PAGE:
A Quest for Sobriety – 3


This is how they met: a plump lady is walking out of the STI Clinic with a cellophane bag as a dapper doctor in an over-sized white coat is walking in.

They meet at the door. At the same instant, they stop for each other. Then they move towards the door together. Then they both step aside. Then they laugh.

He waits. She wriggles out of the door; the door’s diameter is her exact waist size. He watches the sinuous movement of her one-piece brown plaid gown. He looks at her fair face, into her deep brown eyes.

He is lost in thought as to what illness brought her, so that even after she leaves the door vacant for his use, he is still buried in his thoughts.
Something grips him and he changes his footsteps to walk briskly in her direction. He taps her shoulder and smiles again.

“You again,” she says, turning, amused.

“Yes. Me. Again,” he sports a boyish smile even though he looks quite funny in that oversized white coat.

“Are you a doctor?”

“Are you a patient?”

She laughs again. “I came to get my drugs,” she shows off her opaque cellophane bag.

“I am a doctor. I work here. What is your name, how old are you, are you married,” he spews out questions.

She smiles. “Which one do I answer first now? I am actually rushing to keep an appointment.”

“That is too bad. I guess I will run into you again, at a good time.”

He does, later that evening. He is heading to his favourite beer spot when he spots that same brown plaid gown. She is surprised when he taps her shoulder.

“See. I told you,” he smiles cheekily as he cajoles her into accompanying him for a plate of pepper soup.


“Go to the market and prepare his favourite meal,” says her mother.

Those are the exact instructions that Alice intends to carry out to the letter.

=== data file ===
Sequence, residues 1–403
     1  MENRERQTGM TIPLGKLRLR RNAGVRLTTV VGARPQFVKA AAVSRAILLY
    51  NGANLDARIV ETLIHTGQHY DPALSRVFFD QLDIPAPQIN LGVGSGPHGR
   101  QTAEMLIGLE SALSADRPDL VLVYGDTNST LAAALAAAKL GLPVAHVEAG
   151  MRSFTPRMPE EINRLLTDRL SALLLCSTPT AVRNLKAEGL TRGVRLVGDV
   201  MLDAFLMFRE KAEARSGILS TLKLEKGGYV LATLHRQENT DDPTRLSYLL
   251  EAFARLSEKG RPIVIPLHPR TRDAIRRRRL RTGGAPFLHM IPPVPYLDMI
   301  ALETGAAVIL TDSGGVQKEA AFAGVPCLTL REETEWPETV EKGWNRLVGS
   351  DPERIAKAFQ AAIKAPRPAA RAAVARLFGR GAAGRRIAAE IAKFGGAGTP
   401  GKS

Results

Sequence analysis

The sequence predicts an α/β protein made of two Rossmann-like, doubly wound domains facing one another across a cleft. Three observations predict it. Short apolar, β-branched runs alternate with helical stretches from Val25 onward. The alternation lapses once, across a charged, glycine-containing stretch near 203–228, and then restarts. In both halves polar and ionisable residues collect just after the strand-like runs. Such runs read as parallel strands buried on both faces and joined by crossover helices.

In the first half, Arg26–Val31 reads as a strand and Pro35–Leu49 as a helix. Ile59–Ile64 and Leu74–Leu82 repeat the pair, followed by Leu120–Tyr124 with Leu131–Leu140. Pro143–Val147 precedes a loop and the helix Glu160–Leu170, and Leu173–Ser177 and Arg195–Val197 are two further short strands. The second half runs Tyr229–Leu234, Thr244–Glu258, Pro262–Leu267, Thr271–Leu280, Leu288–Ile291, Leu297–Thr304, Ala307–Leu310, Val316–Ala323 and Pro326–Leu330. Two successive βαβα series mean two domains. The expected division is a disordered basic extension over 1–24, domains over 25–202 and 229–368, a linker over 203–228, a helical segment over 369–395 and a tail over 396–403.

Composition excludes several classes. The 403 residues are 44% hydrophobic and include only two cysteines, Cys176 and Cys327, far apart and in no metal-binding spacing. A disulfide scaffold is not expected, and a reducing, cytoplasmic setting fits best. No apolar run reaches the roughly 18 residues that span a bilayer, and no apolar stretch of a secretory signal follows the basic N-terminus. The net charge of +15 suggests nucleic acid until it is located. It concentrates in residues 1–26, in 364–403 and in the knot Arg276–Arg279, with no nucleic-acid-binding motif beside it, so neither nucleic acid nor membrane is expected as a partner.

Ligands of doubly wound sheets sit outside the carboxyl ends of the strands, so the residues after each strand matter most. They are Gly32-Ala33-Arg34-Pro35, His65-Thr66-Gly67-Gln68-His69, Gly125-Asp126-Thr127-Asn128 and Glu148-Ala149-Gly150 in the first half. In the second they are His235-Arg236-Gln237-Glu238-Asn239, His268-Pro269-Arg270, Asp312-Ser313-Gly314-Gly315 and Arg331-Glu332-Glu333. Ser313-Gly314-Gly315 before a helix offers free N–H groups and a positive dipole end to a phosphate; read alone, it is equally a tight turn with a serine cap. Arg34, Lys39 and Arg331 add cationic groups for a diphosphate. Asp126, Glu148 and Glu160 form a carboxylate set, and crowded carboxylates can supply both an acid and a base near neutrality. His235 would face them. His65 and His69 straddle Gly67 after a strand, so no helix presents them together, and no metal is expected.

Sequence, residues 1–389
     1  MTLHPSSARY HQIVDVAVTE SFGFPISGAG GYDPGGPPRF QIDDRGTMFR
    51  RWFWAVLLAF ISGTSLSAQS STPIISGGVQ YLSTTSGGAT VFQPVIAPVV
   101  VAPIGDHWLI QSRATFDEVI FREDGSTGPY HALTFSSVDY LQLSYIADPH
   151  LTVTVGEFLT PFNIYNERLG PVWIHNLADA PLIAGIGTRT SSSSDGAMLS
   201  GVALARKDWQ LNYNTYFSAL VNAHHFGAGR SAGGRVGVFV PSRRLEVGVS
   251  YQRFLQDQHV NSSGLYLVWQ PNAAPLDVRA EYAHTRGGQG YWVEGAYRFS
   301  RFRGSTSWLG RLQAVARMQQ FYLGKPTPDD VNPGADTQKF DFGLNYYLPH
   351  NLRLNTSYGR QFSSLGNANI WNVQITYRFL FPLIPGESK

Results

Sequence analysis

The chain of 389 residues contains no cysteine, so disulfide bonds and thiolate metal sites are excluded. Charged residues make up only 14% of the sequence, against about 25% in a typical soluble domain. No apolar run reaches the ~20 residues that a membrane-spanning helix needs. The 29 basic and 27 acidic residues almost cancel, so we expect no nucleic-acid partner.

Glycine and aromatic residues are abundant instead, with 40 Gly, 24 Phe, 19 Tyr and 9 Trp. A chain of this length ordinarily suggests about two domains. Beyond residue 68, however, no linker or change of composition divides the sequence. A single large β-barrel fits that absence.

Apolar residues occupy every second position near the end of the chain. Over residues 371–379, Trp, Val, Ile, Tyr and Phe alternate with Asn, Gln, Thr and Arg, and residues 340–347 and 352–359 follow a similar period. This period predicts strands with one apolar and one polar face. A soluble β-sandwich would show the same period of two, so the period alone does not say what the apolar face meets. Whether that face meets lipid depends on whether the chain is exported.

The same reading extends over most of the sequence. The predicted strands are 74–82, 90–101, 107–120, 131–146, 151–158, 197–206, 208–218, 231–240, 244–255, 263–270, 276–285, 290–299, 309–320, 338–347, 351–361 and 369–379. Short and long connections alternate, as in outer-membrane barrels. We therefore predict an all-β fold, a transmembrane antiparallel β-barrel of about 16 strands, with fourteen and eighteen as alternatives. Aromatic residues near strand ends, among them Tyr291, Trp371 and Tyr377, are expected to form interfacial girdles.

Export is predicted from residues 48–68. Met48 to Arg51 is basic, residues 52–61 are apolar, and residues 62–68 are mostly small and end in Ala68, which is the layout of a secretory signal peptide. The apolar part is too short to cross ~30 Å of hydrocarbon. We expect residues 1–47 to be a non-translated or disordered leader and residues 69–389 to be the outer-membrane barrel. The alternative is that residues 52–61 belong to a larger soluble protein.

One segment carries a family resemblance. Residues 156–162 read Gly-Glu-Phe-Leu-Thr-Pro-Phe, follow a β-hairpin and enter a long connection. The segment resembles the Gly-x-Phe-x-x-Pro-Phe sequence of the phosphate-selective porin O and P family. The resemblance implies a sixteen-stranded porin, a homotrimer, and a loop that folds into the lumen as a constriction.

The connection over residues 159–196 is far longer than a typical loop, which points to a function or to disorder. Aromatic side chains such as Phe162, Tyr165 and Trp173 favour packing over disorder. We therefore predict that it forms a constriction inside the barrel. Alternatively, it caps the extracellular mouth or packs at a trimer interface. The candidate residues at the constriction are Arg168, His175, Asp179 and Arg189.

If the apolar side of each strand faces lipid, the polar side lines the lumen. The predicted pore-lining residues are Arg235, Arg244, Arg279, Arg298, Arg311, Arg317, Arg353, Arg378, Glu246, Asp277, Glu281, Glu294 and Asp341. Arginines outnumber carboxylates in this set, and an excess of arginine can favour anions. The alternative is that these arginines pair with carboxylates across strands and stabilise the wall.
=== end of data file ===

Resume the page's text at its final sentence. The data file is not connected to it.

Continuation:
She goes to the evening market on her return from her mother’s place. The market is in full swing and the prices that soared high all morning and afternoon have begun their nose-dive.

She stops at the meat section where butchers in dirty singlets sharpen cleavers absent-mindedly. She buys the cartilaginous chunk of a female cow’s back. She moves to the fish stall and buys a huge, smooth-skinned frozen mackerel. She goes to the vegetable section and picks three bundles that she requests to be shredded. Then she walks to the stall of the wrinkled women selling locust beans.

She buys dried fish; she hesitates when she sees dried stock-fish, but decides against it; Olo does not have a stomach for them. She picks fresh red peppers and a handful of tomatoes to suck in some of their raw hotness. The vegetables will suck in the rest, she thinks. She buys some grey mushrooms beside the yam stall where she picks a slender tuber of yam.

On her way out, she retrieves her shredded vegetables, and just as she steps out of the market, she sees a coiled stretch of brown ponmo, the brittle kind that gives when bitten into. She buys it.

Upon arrival back home, she knocks on the door twice before retrieving her keys from her handbag. She finds her husband watching television.

“What are you doing at home,” she asks as she drops her perishables on the dining table.

“What were you doing outside?” he answers. “Today when I decide to stay at home, you are nowhere to be found.”

“I went to see Bisi. She lost her mother yesterday evening.”

“Eyah. A pity. What happened?”

“She died after her evening meal. She was old enough to go. She had seen her grandchildren and her first great grandchild is on the way. She might as well be on her way back.”

Olo laughs. Alice laughs. And for a moment, it seems all their marital angst dissipates. She yawns.

“Let me fetch you cold water; you must be tired. Grief saps energy. So do condolences.” He disappears behind the white curtains.

She drinks to her fill and smiles. “If only you can stay this way. Be here every time I need you.”

“If only you can be patient.”

She looks at him admirably. “Even patience runs thin sometimes.”

She leaves her seat and sits on his lap. She begins to toy with his chest hair. He rids her of her headgear. And in very small purposeful actions, their clothes come off.

What do you think? Leave a comment below and I’d send you the next part, the final part.

Lake Adedamola is a poet, writer, and editor with Nantygreens, who's worked with several other literary blogs including Brittle Paper. He has, since 2018, served in various capacities on the Lagos International Poetry Festival, LIPFest, team.

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